Studying at Sheffield helped me get my dream job
At age 24, having developed a strong interest in inclusion through working in the education sector I applied for and started studying the Education, Childhood and Culture BA at University of Sheffield; it was the best thing I ever did.
We were taught by the leaders in the field who were inspiring and passionate, and supported by an amazing, friendly and welcoming department.
Our degree course was so interesting and varied, even when it blew our minds it was never boring.
Not only did we get to expand and develop our theoretical knowledge of a wide variety of subjects, we were also given numerous opportunities to apply our knowledge and understanding in the real world, through placements, but also through modules which actively engaged with the local community.
The course was designed to push us to develop as well rounded graduates, but also took account of our personal interests and preferences at that same time. As such a small cohort it felt like a really personal degree experience that I know very few people are lucky enough to experience whilst at university. I really couldn’t have asked for more.
BA Education, Childhood and Culture
After graduating I went straight into a job in a local secondary school as an SEN Teaching Assistant.
This was great experience, and I found it really interesting to be apply things I had learned in my degree course to my new role; especially my knowledge around SEN, play, and the psychology of difference.
After eight months I applied for a job with a local charity as a Link Worker, working with homeless young people with complex needs.
Thanks to the experience gained through my degree placement, in addition to the knowledge I had gained through my degree and my previous work experience, I was lucky enough to be offered the position.
My colleague and I set about setting up the new scheme in the local area from scratch.
For the next two years I recruited and worked with a complex caseload of up to 18 young people, who were homeless at the time of referral.
I worked to not only house my clients, but also to raise their aspirations, support them in gaining independent living skills, and move towards stability, with the end goal being my clients entering education, training or employment.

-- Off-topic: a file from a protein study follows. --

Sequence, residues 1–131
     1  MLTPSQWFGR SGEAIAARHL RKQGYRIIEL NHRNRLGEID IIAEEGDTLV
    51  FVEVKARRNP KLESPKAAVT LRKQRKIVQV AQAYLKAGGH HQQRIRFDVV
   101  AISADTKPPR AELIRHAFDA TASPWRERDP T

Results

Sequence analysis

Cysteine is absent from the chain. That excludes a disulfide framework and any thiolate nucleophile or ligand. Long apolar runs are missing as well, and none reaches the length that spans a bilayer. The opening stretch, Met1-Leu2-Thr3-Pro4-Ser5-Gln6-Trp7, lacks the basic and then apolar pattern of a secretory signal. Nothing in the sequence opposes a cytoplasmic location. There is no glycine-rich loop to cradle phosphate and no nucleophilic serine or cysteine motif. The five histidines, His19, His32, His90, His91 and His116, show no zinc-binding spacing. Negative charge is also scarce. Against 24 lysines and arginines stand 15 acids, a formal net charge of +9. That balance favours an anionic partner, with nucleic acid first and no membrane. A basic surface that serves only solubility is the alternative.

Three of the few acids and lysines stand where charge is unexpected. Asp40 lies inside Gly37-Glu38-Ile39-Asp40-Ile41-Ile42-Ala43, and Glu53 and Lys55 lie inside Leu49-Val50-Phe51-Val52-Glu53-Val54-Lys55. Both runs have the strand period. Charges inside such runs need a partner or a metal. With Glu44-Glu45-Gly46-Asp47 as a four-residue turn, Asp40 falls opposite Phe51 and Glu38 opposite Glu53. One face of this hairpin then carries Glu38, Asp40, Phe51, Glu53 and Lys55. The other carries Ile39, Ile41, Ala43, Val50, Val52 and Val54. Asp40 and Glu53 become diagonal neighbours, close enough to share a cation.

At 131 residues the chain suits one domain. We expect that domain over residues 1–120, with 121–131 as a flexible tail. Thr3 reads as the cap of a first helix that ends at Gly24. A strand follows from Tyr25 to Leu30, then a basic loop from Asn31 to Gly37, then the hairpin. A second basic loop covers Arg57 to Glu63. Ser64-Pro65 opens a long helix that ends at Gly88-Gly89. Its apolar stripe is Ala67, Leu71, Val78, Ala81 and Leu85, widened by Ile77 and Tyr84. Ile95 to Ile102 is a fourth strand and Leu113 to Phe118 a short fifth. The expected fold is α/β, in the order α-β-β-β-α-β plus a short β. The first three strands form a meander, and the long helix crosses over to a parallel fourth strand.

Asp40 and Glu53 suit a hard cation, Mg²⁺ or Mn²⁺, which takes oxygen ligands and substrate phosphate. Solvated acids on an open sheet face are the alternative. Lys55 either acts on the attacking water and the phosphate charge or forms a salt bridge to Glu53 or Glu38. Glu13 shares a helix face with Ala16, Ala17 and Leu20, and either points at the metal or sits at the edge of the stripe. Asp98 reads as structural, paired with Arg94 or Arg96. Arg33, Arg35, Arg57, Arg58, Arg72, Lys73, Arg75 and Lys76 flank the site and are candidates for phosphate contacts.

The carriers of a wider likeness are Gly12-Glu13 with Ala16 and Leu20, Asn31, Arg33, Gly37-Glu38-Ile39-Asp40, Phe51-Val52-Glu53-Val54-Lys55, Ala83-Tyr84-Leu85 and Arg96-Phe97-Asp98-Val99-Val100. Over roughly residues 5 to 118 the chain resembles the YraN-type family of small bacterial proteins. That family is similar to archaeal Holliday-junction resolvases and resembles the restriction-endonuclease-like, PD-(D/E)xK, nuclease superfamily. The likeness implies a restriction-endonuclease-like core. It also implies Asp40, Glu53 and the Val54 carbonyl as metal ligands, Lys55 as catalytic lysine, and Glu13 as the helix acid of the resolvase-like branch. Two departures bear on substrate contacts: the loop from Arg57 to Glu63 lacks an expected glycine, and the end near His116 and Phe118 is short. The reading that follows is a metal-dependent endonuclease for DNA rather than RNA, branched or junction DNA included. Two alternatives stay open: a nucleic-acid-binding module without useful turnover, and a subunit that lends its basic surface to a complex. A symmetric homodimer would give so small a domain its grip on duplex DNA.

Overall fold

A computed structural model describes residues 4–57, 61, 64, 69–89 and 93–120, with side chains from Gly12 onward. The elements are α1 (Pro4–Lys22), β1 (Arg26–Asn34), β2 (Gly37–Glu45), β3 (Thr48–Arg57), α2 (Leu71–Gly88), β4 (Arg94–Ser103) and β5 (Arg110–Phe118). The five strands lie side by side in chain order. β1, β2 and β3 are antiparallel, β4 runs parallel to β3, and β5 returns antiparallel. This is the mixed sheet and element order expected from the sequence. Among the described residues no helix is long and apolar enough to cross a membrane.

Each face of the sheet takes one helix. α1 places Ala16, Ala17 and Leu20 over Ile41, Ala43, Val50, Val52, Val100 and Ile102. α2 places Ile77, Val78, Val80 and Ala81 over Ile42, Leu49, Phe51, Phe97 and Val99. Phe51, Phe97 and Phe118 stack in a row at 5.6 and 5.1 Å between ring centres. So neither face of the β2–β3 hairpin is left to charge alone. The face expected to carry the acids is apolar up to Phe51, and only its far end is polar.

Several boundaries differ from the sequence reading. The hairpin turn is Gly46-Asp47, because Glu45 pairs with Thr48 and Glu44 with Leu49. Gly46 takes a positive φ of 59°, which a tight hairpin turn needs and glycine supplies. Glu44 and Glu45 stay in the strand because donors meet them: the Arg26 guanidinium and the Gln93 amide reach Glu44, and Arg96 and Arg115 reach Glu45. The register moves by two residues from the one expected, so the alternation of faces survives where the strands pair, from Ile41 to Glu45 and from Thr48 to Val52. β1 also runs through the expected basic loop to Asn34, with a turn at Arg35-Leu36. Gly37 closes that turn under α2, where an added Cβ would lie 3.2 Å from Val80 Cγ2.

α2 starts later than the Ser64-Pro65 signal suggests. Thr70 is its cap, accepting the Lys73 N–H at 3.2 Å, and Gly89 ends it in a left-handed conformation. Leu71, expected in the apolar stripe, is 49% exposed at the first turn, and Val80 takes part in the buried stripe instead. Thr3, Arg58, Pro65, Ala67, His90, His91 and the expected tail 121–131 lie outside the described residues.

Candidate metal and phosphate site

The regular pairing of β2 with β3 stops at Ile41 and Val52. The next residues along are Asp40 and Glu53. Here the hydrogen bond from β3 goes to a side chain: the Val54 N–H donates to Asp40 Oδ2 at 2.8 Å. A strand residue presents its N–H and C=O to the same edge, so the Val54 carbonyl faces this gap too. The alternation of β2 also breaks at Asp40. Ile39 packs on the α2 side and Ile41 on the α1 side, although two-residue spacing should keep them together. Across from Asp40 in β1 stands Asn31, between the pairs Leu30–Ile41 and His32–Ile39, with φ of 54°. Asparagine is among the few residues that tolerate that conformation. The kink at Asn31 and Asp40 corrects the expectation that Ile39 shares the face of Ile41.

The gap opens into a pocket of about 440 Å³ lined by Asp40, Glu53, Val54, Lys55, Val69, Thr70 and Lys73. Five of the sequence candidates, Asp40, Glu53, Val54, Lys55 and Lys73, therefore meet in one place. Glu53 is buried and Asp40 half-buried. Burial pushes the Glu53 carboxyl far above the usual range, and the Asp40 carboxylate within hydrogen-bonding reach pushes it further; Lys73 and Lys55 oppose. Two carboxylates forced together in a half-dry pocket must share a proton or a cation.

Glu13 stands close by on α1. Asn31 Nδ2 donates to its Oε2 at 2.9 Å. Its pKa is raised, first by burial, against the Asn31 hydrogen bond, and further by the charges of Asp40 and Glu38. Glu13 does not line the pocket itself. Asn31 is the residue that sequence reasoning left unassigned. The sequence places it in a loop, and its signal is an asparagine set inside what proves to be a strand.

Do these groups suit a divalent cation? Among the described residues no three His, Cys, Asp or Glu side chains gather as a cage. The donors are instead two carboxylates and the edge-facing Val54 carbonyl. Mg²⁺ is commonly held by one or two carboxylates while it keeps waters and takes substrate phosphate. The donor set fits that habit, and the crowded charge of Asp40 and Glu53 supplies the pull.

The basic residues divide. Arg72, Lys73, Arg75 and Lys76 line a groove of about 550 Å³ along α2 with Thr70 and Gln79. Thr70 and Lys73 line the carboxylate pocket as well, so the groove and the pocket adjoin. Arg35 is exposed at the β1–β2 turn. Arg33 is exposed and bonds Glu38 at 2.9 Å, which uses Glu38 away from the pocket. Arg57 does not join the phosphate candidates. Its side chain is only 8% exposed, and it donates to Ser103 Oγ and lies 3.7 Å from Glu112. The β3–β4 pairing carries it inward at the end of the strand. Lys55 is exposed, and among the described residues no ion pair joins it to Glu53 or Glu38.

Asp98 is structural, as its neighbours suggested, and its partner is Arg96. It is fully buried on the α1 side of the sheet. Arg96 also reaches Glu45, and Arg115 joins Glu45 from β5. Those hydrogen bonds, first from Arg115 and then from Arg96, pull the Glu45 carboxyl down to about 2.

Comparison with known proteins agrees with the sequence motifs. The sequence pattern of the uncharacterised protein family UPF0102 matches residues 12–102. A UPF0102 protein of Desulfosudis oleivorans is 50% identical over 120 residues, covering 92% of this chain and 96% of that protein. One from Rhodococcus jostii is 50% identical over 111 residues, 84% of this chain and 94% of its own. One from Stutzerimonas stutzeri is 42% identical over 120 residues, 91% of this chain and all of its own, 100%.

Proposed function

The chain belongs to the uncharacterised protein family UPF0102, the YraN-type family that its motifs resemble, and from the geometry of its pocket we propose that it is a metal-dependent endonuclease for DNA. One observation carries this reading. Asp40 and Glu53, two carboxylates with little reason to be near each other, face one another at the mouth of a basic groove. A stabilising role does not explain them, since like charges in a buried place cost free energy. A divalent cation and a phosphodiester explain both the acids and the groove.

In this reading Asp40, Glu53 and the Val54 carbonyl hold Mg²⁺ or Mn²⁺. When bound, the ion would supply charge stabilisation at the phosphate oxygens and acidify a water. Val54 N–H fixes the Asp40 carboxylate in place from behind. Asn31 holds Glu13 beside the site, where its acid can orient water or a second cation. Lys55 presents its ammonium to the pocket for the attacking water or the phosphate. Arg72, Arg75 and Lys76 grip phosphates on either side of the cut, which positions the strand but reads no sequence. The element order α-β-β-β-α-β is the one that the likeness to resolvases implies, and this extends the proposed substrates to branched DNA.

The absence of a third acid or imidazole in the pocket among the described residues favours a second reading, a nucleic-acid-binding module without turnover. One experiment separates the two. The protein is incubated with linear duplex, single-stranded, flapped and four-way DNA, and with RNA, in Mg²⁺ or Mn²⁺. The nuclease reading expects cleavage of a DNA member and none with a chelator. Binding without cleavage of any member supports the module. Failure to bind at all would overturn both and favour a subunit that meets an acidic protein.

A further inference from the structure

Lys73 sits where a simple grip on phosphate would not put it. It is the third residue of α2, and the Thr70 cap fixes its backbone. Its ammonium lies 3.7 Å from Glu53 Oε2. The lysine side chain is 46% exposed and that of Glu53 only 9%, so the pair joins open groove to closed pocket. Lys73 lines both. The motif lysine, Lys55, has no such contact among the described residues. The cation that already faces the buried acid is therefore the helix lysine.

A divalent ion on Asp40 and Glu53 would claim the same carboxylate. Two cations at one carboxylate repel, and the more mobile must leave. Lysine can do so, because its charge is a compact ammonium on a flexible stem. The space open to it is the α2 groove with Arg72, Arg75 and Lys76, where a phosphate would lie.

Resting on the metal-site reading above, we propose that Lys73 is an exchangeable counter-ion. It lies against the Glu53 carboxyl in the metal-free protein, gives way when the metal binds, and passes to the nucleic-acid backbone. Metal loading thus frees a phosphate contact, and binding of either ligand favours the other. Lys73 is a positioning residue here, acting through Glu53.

I absolutely loved being a Link Worker, it was a challenging yet hugely rewarding role. I know that without this degree qualification I wouldn’t have been in a position to be offered the role.
In addition to the formal qualification of my degree, the variety involved in it allowed me to develop a broad range of transferable skills that not only made me a more attractive candidate in applying, but also enabled me to do my very best for my clients within the role.
After two years I decided to make the move back into the field of formal education and started applying for 'pastoral and inclusion' roles in schools.
I had a very high success rate in these applications, and I believe that my degree qualification and the doors it has opened were largely to thank for that.
I now work in a local secondary school as an Inclusion Manager – my dream job. I now get to work with the most challenging students, which was what I always wanted to do. I work to support the school in reducing the exclusion rates and support the students in meeting the school’s expectations in terms of behaviour and attainment.
My years at university were really special. I feel like both the course and the department enabled me to make the most of my time at university.
Studying for my degree really taught me to believe in myself and my own abilities, and the whole experience taught me to seize opportunities as they come.
Studying this course has changed the course of my life for the better, and I can’t recommend it to others highly enough.
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